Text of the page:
There seemed to be far too much emphasis upon weird and fancy combinations, and not enough Traditional British Fayre. What has happened to the gravy boats that used to accompany Main Meals? and I recall that every evening, Grilled Chicken, Steak, and Salmon would be available, in addition to the Set Main Courses; this time,only one of these would be on offer.... if you were lucky.
And to put French Onion, and Fennel Soups, on at the same meal was to quote a fellow passenger:"Lacking in Imagination" My husband and I like our meat very well done: and on three consecutive evenings, we had problems in this respect: the message just didn't seem to get through.
Although 99 per cent of staff on board are pleasant, the odd minority behave in a rude and surly manner to passengers. Pushing into lifts before the guest has got out, is a frequent occurrence. And we took a dim view when a Receptionist who was dealing with my husband, answered the ringing telephone at his elbow without having the manners to say 'Excuse me'. Then he proceeded to carry on a conversation with the person at the other end, leaving us standing. And to round off the insult,he attempted to pass a foreign coin off in my husband's change. Our feeling is that the Carnival version of the once great P& O is becoming complacent; from speaking with many Gold Tier members on board, who have attended invitation only gatherings back home,we surmise that the Company are not hearing what their Customers tell them they want. This is not a forward thinking strategy; and we have reluctantly decided to travel with Fred Olsen, next year. Other Ports of Call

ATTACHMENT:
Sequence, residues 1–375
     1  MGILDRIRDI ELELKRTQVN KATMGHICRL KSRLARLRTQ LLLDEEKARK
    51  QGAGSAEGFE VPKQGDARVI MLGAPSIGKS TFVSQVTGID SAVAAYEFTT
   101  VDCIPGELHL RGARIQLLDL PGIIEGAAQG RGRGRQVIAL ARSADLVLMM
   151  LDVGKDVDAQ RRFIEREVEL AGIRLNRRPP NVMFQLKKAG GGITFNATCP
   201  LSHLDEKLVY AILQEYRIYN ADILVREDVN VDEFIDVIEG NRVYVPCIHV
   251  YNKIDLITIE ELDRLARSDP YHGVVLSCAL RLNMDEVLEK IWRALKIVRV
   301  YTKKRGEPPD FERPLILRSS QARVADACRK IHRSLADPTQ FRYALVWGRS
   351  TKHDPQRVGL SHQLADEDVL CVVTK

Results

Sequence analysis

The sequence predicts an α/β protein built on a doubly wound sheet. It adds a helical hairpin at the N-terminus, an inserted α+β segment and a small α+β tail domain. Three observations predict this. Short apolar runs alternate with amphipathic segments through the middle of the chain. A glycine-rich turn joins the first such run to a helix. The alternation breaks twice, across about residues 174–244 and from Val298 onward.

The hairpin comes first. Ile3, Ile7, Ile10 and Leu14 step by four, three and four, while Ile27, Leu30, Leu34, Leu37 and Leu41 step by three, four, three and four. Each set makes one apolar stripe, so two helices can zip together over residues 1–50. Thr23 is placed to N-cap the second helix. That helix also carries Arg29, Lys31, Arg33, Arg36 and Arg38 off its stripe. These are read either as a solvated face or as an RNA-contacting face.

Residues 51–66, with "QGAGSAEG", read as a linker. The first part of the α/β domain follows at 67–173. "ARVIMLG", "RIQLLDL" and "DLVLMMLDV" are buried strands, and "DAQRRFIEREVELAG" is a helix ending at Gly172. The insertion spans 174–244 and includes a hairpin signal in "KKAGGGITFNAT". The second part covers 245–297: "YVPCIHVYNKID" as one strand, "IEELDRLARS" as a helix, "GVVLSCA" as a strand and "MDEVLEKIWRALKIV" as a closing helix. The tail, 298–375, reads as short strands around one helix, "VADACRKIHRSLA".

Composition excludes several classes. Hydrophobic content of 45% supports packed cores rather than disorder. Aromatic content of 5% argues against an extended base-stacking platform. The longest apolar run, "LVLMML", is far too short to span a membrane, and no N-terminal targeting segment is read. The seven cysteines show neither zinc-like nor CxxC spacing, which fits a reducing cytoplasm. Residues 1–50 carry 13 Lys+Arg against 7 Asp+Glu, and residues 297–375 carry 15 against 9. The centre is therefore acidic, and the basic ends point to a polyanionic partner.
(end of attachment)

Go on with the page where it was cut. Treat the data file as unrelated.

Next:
Olden. Grey,overcast and chilly in resort: pouring with rain in the heights of the National Park. We took the trip to the Briksdal Glacier by coach, and the Troll Car. The motorised cars travel in convey to the place where the Jostedalsbreen Park begins: saving 30 minutes walk. The Glacier can't be seen from here: it's a walk of 15 minutes over sometimes steep, slippery ground, before the blue tongue of the glacier can be seen. But it is worth getting wet through to see it with your own eyes: and we heard and saw a small avalanche, whilst we were there.
Geiranger. Our Captain told us that it was his favourite amongst the Fjords, and we agreed. Steep sides, very narrow width: with the spectacular falls of the Seven Sisters on one side, and the Suitor opposite. Go up on Deck with your Camera, as the Ship edges slowly on its' way: just fabulous!
Beyond the Arctic Circle,on Margeroya Island. Coach trip across the barren tundra to the North Cape plateau. Stopped at Sami people's 'camp' on the way.
Created for the benefit of we tourists! Once at the North Cape centre, took advice and watched the 15 minute film in the 3D Cinema. Life across the 4 seasons, very evocative. Joined the throng up on the cliff top having pics taken in front of the Globe Monument. Thankfully clear skies, none of the famous mist rolling in. It is mind blowing to realize that this is the most Northerly point on the European Mainland: only the North Pole lies beyond. Less